World Cup has been a humbling — but valuable — lesson for Canada's men's team
Losing shows you what it took someone else to win
Chris Jones is in Qatar covering the men's World Cup for CBC Sports.
John Herdman, the head coach of the Canadian men's soccer team, has a different word for lessons. He calls them learnings.
There has been no shortage of them for his team, and for him, here in Qatar. Despite a miraculous run to qualify for their first men's World Cup since 1986, the Canadians discovered that there still exists an enormous gap between them and the best teams on Earth.
Entering Thursday's game against Morocco, they were already eliminated from contention for the round of 16. A narrow loss to Belgium and a brutal loss to Croatia had seen to that.
The game still mattered. The men had secured their first World Cup goal when Alphonso Davies scored 68 seconds into the Croatian game. Now they were after their first point, or, better yet, their first win.
They lost, 2-1. The Moroccans are going through from Group F. So, too, are the Croatians, after they eliminated the Belgians with a scoreless draw.
The Canadians will join them in going home.
WATCH | Soccer North breaks down Canada vs. Morocco:
Al Thumama Stadium felt like Canada's first true away ground in Qatar. Canadian supporters outnumbered the Belgians and had put up a quality counter to the Croatians. They were no match for the Moroccans, who travelled here in huge numbers and were as loud as engines.
Night to forget
They were also given more reason to cheer. In the fourth minute, Steven Vitoria pushed a poor ball back to goalkeeper Milan Borjan, who had to charge outside his box to meet it. He still had time to launch a clearance. Instead, he scuffed it straight to the dangerous feet of Hakim Ziyech, who lifted an easy lob into the empty net.
"It's tough, you know," Borjan said. "That just killed me."
Not quite 20 minutes later, the deep-lying Moroccans somehow scored another. Youssef En-Nesyri outraced Vitoria and Kamal Miller for a long ball and banged home a shot at Borjan's near post. The Canadian goalkeeper had worked so hard to be here. He was rewarded with a night to forget.
"Today wasn't my day," he said, "and I'm sorry about that to all the Canadian fans and to my teammates. But this is the bad part of the football. This is the part of the goalkeeper."
The Moroccans weren't done scoring — only this time, they angled one into their own net, off Sam Adekugbe's low cross late in the first half.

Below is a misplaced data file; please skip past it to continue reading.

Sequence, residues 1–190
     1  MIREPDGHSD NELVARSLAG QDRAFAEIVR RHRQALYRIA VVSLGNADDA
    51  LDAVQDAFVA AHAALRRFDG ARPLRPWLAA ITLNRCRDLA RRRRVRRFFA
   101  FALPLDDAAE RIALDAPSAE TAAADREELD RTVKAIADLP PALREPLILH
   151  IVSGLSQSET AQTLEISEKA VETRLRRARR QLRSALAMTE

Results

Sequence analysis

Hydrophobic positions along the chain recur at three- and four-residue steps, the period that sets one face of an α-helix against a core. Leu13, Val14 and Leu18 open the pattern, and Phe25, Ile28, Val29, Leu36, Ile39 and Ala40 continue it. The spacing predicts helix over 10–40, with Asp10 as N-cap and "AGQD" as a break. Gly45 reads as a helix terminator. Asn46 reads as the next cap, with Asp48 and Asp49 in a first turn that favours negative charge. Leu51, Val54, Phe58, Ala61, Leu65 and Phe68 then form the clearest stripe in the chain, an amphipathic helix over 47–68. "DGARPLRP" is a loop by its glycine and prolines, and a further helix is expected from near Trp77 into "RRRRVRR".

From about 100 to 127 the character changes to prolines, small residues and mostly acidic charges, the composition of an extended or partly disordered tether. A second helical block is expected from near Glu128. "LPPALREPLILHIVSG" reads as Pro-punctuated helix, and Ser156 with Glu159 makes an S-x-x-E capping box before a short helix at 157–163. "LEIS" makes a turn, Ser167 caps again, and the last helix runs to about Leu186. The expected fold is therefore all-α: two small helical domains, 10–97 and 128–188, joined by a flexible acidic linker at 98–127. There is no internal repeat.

The own goal wasn't pretty, but it made things interesting, and in the second half, a trio of Canadian substitutes — including Jonathan David, who had been inexplicably benched — added some much-needed pride to the proceedings. They were much better.
In the 72nd minute, Atiba Hutchinson headed a corner off the crossbar that caromed straight down and caught a whisper of the goal line. A goal would have made for a wonderful finish to the 39-year-old captain's international career.
"I thought it was in, man," Hutchinson said. "It just wasn't meant to be, not only on that goal, but for us throughout the tournament … This time has gone by so fast. It's gone by so fast."
"Two inches from getting our first result," Herdman said. "That's all it was."
Unfortunately, desire alone isn't enough to compete at the heights of international soccer. The Canadian men are not at the same level as their opponents. Their strikers don't finish, their midfield isn't deep enough, their tactical response is slow and disorganized, their set pieces are poor, and their admirable heart doesn't mask their inexperience.
The own goal prevented Canada from matching the worst group-stage performance here. That dubious distinction belongs to host Qatar. Like the Canadians, the Qataris earned zero points and allowed seven goals over the course of their three losses. Unlike the Canadians, the Qataris scored only once. Canada scored two, with Morocco's help.
Three losses and a goal differential of minus-5 also matches Canada's performance at its only other men's World Cup in 1986.
"We came here to connect the country, unite the country," Herdman said before the game, during what he knew was his final pre-match press conference. One of the great times of his life was coming to an end, and there was nothing he could do to prevent the inevitable. The first dream had come true, and the next dream wouldn't.
"I think people are hurt because we're going home early. People are really hurt. The players are hurt, the staff are hurt. We've worked bloody hard," he said. "It's a tough moment."
'We are a football country'
But for just an instant, Herdman transported himself halfway around the world, back to Canada and into the school assemblies that have been called for thousands, maybe millions of boys and girls to watch three special, crushing, beautiful, agonizing games.
"It's those kids, in those schools," Herdman said, fighting through the lump in his throat. "It's those kids, in those schools that will keep believing that Canada is a football country. Because they've seen that Belgium game. They've seen Davies score against Croatia. And they know we are a football country. We're there. You can't deny that."
Nor can it be denied that Canada has a long way to go to be a top soccer country. Losing three times at a World Cup isn't much fun. But losing makes you better, because losing shows you what it took someone else to win. That's the real value of being on this field, with these teams.
Here endeth the lessons; here starteth the learnings.